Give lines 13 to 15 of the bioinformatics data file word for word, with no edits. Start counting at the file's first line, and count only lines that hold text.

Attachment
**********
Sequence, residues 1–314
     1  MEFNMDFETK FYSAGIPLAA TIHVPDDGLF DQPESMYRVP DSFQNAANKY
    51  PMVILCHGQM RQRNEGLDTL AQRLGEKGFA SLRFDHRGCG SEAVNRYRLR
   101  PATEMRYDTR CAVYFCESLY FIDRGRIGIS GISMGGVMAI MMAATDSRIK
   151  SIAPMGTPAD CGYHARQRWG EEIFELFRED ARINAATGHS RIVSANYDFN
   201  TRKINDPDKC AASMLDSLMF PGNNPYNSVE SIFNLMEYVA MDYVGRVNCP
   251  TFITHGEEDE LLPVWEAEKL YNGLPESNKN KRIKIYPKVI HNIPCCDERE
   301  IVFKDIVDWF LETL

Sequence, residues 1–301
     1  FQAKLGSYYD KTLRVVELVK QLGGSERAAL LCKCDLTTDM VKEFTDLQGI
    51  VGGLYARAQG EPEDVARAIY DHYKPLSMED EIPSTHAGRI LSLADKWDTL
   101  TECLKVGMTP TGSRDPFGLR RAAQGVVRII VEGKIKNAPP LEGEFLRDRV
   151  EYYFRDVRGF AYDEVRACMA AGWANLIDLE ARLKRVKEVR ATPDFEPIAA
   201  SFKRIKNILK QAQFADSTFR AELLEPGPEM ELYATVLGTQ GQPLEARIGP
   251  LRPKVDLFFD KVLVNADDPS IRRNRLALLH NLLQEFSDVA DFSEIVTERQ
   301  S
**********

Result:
   151  EYYFRDVRGF AYDEVRACMA AGWANLIDLE ARLKRVKEVR ATPDFEPIAA
   201  SFKRIKNILK QAQFADSTFR AELLEPGPEM ELYATVLGTQ GQPLEARIGP
   251  LRPKVDLFFD KVLVNADDPS IRRNRLALLH NLLQEFSDVA DFSEIVTERQ